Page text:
830 Fort Street in Victoria B.C. Canada – on the North side of this bustling one way street – huddled in the middle of a scrum of antique stores and government offices is Choux Choux Charcuterie.
According to their website: “Choux Choux Charcuterie is Victoria’s premiere charcuterie. They specialize in house made pates, sausages, smoked and cured meats. Their products are made on premise, using only fresh, free range, un-medicated pork from Sloping Hill Farm in Qualicum Beach, Mill Bay rabbits, Cornish Game hens and chickens, free-range chicken livers, Quebec foie gras, and Cobble Hill lamb, when available.”
Food expert, Mark Engels, joined me for my first lunch here – and apart from the wall of cheeses, meats and bread that I saw in this cute little walk-in, I did not know what to expect… Okay, I did. Meat. Meat and more meat. Smoked meat. Cured meat. Cheese. More meat. Some bread. Meet. Cheese. Strange Cheese. More meat. Apparently this is a meat lovers paradise. Personally, I like to eat less of the red stuff and more of the green stuff – and I encourage everyone to do the same. Anyway.
When I saw that the lunch special was Sirloin with a swirl of steamed spinach and a lump of blue cheese… I thought to myself: “Self, what on Earth are they going to do with this?” Well – not surprisingly, our 2 identical orders arrived: 2 plates, 2 handsome slabs of beef perfectly cooked (medium rare I think) – about 1 ounce of steamed spinach and 2 or 3 ounces of melting grainy blue cheese on top of the steak. This is crazy, I thought. The French don’t eat like this… or do they?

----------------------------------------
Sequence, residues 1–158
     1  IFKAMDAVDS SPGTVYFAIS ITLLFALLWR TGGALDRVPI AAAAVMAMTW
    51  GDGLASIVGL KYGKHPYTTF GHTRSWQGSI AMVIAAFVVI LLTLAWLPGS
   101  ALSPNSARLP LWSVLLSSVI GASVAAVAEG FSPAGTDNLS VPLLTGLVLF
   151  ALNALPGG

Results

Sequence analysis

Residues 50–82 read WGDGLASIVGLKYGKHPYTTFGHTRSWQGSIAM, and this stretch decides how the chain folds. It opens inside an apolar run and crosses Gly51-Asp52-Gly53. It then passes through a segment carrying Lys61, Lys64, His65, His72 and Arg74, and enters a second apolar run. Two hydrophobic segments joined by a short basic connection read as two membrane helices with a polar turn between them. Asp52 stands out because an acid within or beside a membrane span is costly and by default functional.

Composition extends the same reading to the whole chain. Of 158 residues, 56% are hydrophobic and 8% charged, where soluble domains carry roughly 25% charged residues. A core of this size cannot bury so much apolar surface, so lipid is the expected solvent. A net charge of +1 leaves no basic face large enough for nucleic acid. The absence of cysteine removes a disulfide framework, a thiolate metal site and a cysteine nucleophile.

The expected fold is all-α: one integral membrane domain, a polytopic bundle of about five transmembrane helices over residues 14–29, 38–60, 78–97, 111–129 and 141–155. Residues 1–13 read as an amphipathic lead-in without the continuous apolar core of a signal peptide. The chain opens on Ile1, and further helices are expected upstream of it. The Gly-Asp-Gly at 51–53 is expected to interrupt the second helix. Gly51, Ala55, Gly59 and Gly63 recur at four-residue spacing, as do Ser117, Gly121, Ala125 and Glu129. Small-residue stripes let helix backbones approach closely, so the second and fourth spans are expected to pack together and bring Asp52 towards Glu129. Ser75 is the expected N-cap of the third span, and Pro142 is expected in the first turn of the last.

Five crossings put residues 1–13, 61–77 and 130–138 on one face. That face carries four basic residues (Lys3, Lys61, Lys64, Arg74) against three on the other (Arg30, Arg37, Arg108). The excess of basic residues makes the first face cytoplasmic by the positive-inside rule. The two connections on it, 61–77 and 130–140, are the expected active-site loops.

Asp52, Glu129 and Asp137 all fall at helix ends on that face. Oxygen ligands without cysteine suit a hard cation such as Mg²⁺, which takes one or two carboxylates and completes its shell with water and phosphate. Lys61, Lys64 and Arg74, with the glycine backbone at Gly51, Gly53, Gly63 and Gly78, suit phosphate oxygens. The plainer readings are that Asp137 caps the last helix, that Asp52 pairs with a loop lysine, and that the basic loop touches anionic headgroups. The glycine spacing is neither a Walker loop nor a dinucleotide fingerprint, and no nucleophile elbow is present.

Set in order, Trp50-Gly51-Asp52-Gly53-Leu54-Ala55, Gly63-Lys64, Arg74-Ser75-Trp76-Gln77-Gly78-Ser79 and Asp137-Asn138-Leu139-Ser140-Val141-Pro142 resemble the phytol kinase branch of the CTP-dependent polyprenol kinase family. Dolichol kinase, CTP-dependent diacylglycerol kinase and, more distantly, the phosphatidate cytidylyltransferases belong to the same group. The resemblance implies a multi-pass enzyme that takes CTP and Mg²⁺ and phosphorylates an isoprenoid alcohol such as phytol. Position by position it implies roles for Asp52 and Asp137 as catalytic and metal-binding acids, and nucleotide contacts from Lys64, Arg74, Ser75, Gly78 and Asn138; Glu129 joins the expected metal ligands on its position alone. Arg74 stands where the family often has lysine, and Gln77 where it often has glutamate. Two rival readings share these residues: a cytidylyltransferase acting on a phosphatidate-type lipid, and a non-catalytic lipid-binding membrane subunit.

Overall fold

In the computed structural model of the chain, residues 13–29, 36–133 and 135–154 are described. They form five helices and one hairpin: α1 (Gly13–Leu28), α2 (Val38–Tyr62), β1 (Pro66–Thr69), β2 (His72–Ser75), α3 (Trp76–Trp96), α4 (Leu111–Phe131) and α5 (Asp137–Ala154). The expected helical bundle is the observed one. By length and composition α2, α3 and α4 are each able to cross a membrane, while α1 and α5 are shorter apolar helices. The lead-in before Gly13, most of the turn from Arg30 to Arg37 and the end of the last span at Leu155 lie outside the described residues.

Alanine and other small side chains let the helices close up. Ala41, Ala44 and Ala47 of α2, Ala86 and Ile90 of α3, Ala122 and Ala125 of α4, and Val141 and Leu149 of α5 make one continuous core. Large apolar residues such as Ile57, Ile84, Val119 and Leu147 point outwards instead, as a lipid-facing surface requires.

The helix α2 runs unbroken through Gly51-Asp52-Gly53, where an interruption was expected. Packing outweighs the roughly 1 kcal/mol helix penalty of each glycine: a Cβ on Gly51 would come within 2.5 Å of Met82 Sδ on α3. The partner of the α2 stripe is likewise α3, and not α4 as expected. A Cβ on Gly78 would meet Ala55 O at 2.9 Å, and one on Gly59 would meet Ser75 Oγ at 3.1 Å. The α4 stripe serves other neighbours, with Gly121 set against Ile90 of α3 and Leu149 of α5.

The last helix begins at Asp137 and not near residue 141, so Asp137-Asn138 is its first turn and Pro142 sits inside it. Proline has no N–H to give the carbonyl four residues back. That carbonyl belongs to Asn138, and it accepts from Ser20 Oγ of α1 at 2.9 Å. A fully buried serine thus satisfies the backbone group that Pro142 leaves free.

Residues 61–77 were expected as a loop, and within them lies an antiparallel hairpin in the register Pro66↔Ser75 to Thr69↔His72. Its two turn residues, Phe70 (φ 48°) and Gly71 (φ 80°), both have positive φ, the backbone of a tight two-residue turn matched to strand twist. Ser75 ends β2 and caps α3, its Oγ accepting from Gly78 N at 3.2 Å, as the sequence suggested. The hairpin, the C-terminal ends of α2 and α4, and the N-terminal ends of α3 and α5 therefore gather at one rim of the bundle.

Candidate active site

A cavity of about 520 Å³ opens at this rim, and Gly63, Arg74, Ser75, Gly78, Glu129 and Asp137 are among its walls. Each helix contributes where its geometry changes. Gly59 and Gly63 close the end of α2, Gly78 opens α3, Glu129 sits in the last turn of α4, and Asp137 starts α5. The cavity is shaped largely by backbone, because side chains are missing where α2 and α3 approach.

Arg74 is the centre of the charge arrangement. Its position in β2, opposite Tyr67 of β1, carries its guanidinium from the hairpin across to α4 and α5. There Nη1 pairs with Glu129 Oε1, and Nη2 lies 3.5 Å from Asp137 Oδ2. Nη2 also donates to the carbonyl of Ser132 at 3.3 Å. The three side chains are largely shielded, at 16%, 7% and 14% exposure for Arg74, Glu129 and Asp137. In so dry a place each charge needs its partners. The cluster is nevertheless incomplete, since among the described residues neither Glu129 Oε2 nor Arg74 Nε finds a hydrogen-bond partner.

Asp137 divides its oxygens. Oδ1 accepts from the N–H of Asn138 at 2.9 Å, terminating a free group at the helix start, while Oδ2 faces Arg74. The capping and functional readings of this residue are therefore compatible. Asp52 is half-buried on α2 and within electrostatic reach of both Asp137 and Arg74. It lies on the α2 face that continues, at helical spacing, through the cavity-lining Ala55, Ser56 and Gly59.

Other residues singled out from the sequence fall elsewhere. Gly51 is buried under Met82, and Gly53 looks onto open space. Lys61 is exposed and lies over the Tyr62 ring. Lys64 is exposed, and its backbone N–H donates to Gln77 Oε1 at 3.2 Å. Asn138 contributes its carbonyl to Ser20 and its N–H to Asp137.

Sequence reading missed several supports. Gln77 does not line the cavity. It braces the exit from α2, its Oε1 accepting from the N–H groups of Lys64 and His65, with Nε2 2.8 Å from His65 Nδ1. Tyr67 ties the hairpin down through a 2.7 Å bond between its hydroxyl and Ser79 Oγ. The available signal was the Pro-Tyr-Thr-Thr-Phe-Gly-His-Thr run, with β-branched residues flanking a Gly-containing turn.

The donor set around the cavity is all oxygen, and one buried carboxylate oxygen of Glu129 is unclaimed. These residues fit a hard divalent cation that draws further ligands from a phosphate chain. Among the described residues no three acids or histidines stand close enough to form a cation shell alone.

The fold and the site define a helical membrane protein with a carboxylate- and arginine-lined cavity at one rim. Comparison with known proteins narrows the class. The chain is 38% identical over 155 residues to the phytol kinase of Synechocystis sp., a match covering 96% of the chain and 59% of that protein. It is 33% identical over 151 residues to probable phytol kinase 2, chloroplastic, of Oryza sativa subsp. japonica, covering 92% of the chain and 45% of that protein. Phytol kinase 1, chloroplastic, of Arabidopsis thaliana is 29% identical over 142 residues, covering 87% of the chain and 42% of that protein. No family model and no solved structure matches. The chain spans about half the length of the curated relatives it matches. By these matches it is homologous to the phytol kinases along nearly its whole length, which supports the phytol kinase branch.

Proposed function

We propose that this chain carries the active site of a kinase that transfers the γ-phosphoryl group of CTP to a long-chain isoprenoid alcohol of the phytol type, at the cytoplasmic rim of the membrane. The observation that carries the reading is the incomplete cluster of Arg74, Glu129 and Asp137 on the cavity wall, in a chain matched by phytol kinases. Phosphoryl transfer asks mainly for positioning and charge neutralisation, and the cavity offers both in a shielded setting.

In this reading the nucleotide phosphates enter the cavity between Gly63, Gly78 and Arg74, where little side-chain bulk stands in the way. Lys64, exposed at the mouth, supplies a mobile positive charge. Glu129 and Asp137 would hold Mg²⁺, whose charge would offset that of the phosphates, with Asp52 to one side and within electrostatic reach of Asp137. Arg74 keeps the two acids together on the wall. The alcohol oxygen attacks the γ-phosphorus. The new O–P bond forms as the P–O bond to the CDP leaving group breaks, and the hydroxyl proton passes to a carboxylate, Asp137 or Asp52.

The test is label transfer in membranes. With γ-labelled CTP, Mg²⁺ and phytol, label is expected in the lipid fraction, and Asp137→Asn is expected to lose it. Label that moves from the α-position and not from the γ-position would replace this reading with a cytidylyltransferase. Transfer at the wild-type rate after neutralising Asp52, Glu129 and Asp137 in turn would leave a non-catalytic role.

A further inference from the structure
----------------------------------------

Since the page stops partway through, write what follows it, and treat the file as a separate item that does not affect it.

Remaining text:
After resisting the urge to growl and snap at anyone that came near my dish (we were, after all, sitting at a busy sidewalk as civil servants and beautiful people walked by) – and I knew they were looking at my sirloin. I growled under my breath – my upper lip curling slightly revealing perfectly sharpened incisors.
Anyway. The beef was insanely tasty and I felt pangs of guilt with each alternate bite and surges of a B12 rush with the other bites. The perfect follow-up to this feast would be curling up on the sidewalk with a good bone or chasing down a frisbee or a tennis ball.
But at $10.95, this was a fun and filling meal – heck, if they were to add frites (French fries all dressed) they could probably rival those beefy slabs from Brasserie L`ecole. Maybe just maybe.
Next visit: Cheese and bread. And that’s a promise!
Colin Newell is a Victoria resident, University employee and Pop culture savant. His food reviews on this blog make up for the endless political drivel!